Notchback is a styling term describing a car body style, a variation of three-box styling where the third distinct volume or "box" is less pronounced — especially where the rear deck (third box) is short or where the rear window is upright. Generally, the notchback refers to the distinct angle of the rear window in relation to the vehicle's more horizontal roofline and its rear decklid.
The term is derives from the noun, notch meaning v-cut or indentation — though as a styling term it eludes precise definition and can overlap other styling designations. The term can apply to a sedan, coupé, liftback or hatchback configuration — especially where the third box of the three-box styling remains articulated, though perhaps barely — as with the third generation European Ford Escort. Notchback may highlight a design's sharp or abrupt roof/rear-window angle. Examples include the European Ford Anglia and U.S. Mercury Montclair that also included a rear window that could be lowered for "breezeway" ventilation.
The styling term also may overlap the marketing use of the term notchback, for example where the term differentiates models within a range, for example the Chevrolet Vega Notchback (sedan) from the Vega Hatchback. The compact Ford Mustang although labeled a hardtop coupe, exhibited "long hood - short deck" notchback styling that was common on 1960s compact coupes.
General Motors claims that the 1940 Cadillac Sixty Special introduced the "streamlined notchback" styling that influenced roof and rear deck styling of a broad range of vehicles until World War II The notchback design was common across U.S. automakers and automobile types starting in the early-1960s.
American Motors described the a styling trend re-emerged in the late-1960s as a "modified fastback" where the roof lines on two-door models were made smoother with a slope of the rear window or having more of an arc. The four-door sedans featured a more upright roofline such as the Rambler Ambassador.
In the 1980s, short deck - formal roof, compact and mid-size notchback coupes and sedans made a return such as the Ford LTD Crown Victoria, as well as the C- and G-body cars from General Motors, and the 1985-1991 N-body cars.
- 1958-1974 AMC Ambassador sedans
- 1964-1967 GM A-body coupes/sedans (Chevelle, Tempest/LeMans, Skylark, F-85/Cutlass)
- 1965-1973 Ford Mustang coupe
- 1967-1969 Chevrolet Camaro coupe
- 1967-1969 Pontiac Firebird coupe
- 1968-1977 Chevrolet Corvette coupe
- 1971-1977 Chevrolet Vega notchback
- 1974-1978 Ford Mustang II coupe
- 1975-1980 Chevrolet Monza Towne Coupe
- 1975-1977 Pontiac Astre notchback
- 1976-1980 Pontiac Sunbird coupe
- 1978-1983 Chevrolet Malibu sedan
- 1979-1993 Ford Mustang coupe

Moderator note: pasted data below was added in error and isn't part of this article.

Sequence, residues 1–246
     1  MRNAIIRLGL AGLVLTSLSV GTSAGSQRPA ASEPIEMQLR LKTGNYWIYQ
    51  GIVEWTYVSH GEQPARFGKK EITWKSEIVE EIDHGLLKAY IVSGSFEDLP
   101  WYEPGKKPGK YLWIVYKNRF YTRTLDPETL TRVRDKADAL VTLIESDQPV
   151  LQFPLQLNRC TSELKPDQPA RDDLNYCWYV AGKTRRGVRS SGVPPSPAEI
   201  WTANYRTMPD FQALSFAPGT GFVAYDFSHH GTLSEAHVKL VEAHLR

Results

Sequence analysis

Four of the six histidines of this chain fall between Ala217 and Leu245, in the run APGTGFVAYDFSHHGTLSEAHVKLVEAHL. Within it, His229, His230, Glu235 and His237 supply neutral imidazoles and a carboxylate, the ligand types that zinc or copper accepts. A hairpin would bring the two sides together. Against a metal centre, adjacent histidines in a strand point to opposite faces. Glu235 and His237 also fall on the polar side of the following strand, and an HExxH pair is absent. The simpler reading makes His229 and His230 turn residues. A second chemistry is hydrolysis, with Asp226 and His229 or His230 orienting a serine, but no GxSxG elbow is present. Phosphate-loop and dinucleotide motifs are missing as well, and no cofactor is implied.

- 1980-1985 GM X body coupe/sedan Citation coupe (80-82), Phoenix, Skylark, Omega
- 1981-1987 J body coupes/sedans Cavalier, Sunbird, Skylark, Firenza, Cimarron
- 1981-1987 GM RWD G-body coupes/sedans (Malibu/Monte Carlo, LeMans/Bonneville/Grand Prix, Regal, Cutlass)
- 1983-1997 Mercury Cougar
- 1984-1988 Pontiac Fiero
- 1985-1988 Chevrolet Nova sedan
In British English a three-box sedan is more generally known as a saloon. Although the term appears in a few British English publications (see refs), "notchback" is not a term that is used in common parlance in Britain.
- Lexus LS
- Mercedes-Benz W108, W109
- Nissan Cefiro
- Nissan Laurel
- Smart Roadster
- Volkswagen Jetta
- Volkswagen Notchback
- Saab 900
- "Mercury's breezeway design (advertisement)". Life 54 (6): 89. 8 February 1963. Retrieved 15 February 2013.
- "1940, The Cadillac Sixty Sets Another Styling Trend". General Motors: Generations of GM Wiki Timeline. Retrieved 15 February 2013.
- Auto Editors of Consumer Guide (11 October 2007). "1967-1968 AMC Ambassador". howstuffworks com. Retrieved 15 February 2013.
- 1971-77 Chevrolet Vega brochures
- Auto Editors of Consumer Guide (20 August 2007). "Oldsmobile's 1973-1977 Intermediates". howstuffworks com. Retrieved 15 February 2013.
- Auto Editors of Consumer Guide (15 February 2007). "The 1974 Ford Mustang: Notchback by Default". howstuffworks com. Retrieved 15 February 2013.
- Chambers Dictionary (British English): sedan Retrieved 2008-05-22.
- Chambers Dictionary (British English): saloon Retrieved 2008-05-22.
- Concise Oxford English Dictionary (Eleventh ed.). Oxford University Press. 2006. p. 977. ISBN 0-19-929634-0. "a car with a back that extends approximately horizontally from the bottom of the rear window so as to make a distinct angle with it"
- Barnard, R.H. (1996). Road Vehicle Aerodynamic Design. Longman. ISBN 978-0-582-24522-8.